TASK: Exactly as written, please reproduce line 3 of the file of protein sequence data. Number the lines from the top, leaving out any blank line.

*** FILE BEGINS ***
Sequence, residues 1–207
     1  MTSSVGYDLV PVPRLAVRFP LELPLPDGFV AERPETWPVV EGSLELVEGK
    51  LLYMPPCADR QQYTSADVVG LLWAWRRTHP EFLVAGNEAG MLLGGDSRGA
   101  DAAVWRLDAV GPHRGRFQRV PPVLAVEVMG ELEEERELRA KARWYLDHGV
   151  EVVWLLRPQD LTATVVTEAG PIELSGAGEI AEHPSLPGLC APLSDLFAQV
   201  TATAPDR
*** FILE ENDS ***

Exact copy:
    51  LLYMPPCADR QQYTSADVVG LLWAWRRTHP EFLVAGNEAG MLLGGDSRGA